Phytotherapy Research
Volume
14
Issue
1
Publish Date
2000
Start Page
24
End Page
29

EGFRvIII: An oncogene deletion mutant cell surface receptor target expressed by multiple tumour types

Optimal immunotherapeutic approaches to cancer cell eradication require the specific recognition of neoplastic cells and minimal destruction of bystander, normal cells. This is especially crucial within the CNS because of the infiltrative growth pattern of primary CNS tumours. The recently defined class III variant of the epidermal growth factor receptor (EGFRvIII), which is a transmembrane, tumour-specific, altered growth factor receptor molecule not expressed in normal tissues, shows promise in preclinical studies as a mediator of multiple immunotherapeutic approaches to tumours, both CNS and systemic, that express this marker. Specific monoclonal antibodies (mAbs) and derived constructs specific for EGFRvIII have been developed and the molecular engineering and affinity maturation techniques currently available have resulted in the generation of highly specific cytostatic and cytotoxic reagents for clinical trial. In addition, the immunogenic properties of the EGFRvIII transmembrane segment have made possible several successful vaccination strategies in preclinical models. In summary, targeting of the EGFRvIII molecule by a variety of immune approaches is a promising adjunct to current therapy. © 2000 Ashley Publications Ltd.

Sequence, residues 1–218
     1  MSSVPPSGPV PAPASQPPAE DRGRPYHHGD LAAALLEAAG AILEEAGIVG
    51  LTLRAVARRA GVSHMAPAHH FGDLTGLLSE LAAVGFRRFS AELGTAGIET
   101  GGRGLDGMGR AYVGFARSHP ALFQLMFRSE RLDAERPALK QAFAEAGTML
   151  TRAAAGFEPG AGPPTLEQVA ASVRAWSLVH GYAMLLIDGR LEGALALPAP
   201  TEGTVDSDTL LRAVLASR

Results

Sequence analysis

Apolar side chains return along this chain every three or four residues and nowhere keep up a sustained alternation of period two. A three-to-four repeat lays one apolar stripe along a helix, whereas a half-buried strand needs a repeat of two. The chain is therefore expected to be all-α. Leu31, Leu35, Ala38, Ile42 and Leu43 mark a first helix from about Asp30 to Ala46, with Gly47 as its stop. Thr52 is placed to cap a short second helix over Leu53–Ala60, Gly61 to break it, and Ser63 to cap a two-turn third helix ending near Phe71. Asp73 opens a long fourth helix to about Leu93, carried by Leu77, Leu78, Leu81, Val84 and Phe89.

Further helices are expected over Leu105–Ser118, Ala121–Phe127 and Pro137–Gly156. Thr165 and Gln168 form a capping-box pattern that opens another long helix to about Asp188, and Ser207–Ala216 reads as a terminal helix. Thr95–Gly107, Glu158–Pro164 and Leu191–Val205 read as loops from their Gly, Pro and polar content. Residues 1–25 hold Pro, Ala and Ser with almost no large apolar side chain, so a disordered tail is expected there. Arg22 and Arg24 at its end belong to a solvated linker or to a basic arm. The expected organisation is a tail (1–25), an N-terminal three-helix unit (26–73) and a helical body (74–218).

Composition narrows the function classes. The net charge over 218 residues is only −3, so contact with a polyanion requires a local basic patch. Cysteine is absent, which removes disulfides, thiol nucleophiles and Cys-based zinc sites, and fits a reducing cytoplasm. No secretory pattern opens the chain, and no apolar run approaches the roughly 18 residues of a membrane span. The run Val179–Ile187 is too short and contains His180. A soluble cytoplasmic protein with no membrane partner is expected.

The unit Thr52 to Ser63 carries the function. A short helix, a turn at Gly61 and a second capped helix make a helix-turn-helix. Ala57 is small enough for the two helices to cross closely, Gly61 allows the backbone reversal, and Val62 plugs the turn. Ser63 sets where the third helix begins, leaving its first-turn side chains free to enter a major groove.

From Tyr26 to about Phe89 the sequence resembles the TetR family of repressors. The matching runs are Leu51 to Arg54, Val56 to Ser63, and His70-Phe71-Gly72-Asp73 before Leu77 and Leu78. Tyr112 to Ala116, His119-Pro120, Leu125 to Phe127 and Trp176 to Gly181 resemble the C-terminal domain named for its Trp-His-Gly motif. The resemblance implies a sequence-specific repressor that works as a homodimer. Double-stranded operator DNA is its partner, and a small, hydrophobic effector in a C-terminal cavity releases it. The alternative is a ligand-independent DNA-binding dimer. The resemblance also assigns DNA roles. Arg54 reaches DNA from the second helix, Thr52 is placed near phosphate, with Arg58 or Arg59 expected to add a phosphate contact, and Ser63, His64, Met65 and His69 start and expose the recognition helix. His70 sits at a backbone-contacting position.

Authors
Wikstrand, CJ; Sampson, JH; Bigner, DD
MLA Citation
Wikstrand, CJ, Sampson, JH, and Bigner, DD. "EGFRvIII: An oncogene deletion mutant cell surface receptor target expressed by multiple tumour types." Expert Opinion on Therapeutic Targets 4.4 (2000): 497-514.
Source
scival
Published In
Expert Opinion on Therapeutic Targets
Volume
4
Issue
4
Publish Date
2000
Start Page
497
End Page
514
DOI
10.1517/14728222.4.4.497

Regional treatment of epidermal growth factor receptor vIII-expressing neoplastic meningitis with a single-chain immunotoxin, MR-1.